The same conventional wisdom that was wrong about everything else suggested that when Barack Obama left New Hampshire with two early victories in his pocket, African-Americans in South Carolina would start believing he could win and then swing hard in his direction.
It hasn't exactly happened that way, of course, and organizers for both Obama and Hillary Clinton remain locked in what the Associated Press calls "fierce combat for the support of black voters" in South Carolina.
What could tip the balance? Just a day ago, the mainstream media was dismissing -- probably fairly -- the practical effect of John Kerry's endorsement of Obama. But today, the New York Times says the prospect of an endorsement from South Carolina Rep. James Clyburn -- the highest-ranking African-American in Congress -- "could carry significant last-minute weight given his standing among African-Americans and his deep political connections throughout the state, as well as the role he played in winning the right for South Carolina to have the showdown."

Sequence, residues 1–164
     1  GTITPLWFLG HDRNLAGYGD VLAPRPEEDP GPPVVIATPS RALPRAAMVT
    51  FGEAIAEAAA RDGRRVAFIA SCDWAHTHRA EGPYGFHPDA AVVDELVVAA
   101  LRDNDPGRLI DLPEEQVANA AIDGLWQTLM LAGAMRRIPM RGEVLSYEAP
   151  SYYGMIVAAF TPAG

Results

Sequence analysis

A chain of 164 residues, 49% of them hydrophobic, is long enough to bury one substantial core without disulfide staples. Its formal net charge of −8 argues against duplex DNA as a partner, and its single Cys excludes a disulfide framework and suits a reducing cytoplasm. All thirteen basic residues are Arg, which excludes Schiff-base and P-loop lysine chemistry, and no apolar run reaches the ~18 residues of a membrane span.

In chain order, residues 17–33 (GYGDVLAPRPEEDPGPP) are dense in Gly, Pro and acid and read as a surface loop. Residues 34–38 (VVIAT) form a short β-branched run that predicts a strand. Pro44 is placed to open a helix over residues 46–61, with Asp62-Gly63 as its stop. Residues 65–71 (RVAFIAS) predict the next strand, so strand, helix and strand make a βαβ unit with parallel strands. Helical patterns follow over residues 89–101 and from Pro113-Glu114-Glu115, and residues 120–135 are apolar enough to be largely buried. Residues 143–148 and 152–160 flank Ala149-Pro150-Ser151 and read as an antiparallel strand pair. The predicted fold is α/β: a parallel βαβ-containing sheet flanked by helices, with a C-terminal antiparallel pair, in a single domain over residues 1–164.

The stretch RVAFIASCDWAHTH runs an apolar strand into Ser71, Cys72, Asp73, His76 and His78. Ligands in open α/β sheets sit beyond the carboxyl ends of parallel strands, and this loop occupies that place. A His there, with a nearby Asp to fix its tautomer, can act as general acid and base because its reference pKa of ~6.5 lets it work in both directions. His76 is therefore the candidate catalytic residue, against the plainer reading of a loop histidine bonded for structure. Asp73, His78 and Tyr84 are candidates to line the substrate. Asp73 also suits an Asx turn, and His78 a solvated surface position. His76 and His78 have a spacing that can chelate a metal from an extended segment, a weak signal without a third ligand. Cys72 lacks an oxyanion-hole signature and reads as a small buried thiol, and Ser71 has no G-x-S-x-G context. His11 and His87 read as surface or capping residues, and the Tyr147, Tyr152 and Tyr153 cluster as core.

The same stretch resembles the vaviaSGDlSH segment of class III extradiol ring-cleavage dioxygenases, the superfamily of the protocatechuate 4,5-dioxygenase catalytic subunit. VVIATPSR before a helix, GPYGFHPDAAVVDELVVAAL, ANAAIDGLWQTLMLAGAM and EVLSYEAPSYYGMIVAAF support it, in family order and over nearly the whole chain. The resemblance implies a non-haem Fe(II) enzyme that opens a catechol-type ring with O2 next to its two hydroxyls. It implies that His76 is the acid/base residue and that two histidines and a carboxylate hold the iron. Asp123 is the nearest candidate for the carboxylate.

Would a Clyburn endorsement really mean that much? Maybe, but the "why" here is probably more important than the "who." As the Times notes, Clyburn is rethinking his "neutral stance" in the race out of "disappointment at comments by Bill and Hillary Rodham Clinton that he saw as diminishing the historic role of civil rights activists."
At the heart of the matter, apparently: Clyburn's view that Hillary Clinton denigrated the work of the civil rights movement Monday when she tried to emphasize the importance of electing an experienced president.
What Clinton said: "I would point to the fact that that Dr. King's dream began to be realized when President Johnson passed the Civil Rights Act of 1964, when he was able to get through Congress something that President Kennedy was hopeful to do, the President before had not even tried, but it took a president to get it done. That dream became a reality, the power of that dream became real in people's lives because we had a president who said, 'We are going to do it,' and actually got it accomplished."